Preclinical Validation of Multilevel Intraspinal Stem Cell Therapy for Amyotrophic Lateral Sclerosis (ALS) Open Access

Gutierrez Gonzalez, Juanmarco (2014)

Permanent URL: https://etd.library.emory.edu/concern/etds/hq37vn837?locale=en
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Abstract

Background: Amyotrophic Lateral Sclerosis (ALS) is a fatal and relentlessly progressive neurodegenerative disease with a median survival after symptom onset that ranges from 2 to 5 years. The only FDA approved treatment, riluzole, prolongs this survival by a matter of months. Cell therapies for ALS attempt to restore motor function through replacement of neuronal and non-neuronal cells. Multiple clinical trials using this approach are now underway in many countries around the world. The current study tested the spinal cord's tolerance to increasing volumes and numbers of injections in Gottingen minipigs.

Methods: Twenty-five female minipigs received human neural progenitor cell injections using a stereotactic platform device developed by the Emory group. Cell transplantation in groups 1 to 5 (n = 5 pigs each) was undertaken with the intent of assessing the safety of an injection volume escalation (10, 25, and 50 microL) and an injection number escalation (20, 30 and 40 injections). Sensory and motor function, as well as general morbidity was assessed for 21 days. Full necropsy was performed; spinal cords were analyzed for graft survival and microscopic tissue damage.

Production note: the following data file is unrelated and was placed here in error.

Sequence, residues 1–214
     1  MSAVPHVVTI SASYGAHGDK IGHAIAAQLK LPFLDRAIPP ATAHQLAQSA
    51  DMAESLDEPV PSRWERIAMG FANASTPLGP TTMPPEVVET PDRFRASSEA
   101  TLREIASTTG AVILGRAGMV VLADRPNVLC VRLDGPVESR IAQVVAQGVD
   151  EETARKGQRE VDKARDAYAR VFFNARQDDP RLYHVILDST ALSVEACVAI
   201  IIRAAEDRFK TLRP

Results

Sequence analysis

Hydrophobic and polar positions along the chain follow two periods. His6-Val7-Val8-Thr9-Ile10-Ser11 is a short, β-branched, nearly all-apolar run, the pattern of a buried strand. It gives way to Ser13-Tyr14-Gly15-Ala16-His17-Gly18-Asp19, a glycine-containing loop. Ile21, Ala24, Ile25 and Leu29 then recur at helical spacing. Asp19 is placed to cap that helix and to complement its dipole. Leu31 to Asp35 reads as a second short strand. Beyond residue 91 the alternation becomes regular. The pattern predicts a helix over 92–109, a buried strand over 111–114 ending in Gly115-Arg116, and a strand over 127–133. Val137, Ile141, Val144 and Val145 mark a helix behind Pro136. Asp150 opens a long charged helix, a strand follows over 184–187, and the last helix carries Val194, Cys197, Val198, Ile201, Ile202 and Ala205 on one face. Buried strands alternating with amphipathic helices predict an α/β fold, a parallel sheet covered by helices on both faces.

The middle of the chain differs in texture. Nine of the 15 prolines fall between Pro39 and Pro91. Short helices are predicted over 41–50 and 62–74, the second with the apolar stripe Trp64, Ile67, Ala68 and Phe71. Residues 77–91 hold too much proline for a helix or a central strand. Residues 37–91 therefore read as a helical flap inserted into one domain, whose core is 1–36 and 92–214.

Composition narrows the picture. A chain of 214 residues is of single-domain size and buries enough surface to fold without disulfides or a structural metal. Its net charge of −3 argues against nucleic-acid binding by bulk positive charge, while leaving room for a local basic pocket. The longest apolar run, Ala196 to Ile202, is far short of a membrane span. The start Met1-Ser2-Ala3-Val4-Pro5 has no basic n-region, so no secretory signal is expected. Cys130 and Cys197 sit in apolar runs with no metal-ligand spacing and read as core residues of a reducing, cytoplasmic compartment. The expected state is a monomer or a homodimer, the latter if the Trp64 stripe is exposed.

Results: No mortality or permanent surgical complications were observed within the 21-day study period. All animals returned to preoperative baseline within 14 days, showing complete motor function recovery. The histological analysis of the tissue showed that there was no significant decrease in neuronal density between groups and the engraftment percentage ranged from 11-31% depending on the injection paradigm. However, significant tissue damage was identified when injecting high volumes into the spinal cord (> 25 microL).

Conclusion: This series supports the functional safety of various injection volumes and numbers in the spinal cord, and gives critical insight to important safety thresholds. The results from this study are relevant to all translational programs delivering cell therapeutics to the spinal cord.


Table of Contents

1. Introduction……………………………………………………………..………. 1

2. Background………………………………………………………….....………. 2

3. Methods……………………………………………………………………....…… 8

4. Results…………………………………………………………………….….….. 22

5. Discussion and Conclusions……………………………………………. 26

6. References……………………………………………………………….……… 32

7. Tables and Figures…………………………………………………..……… 44


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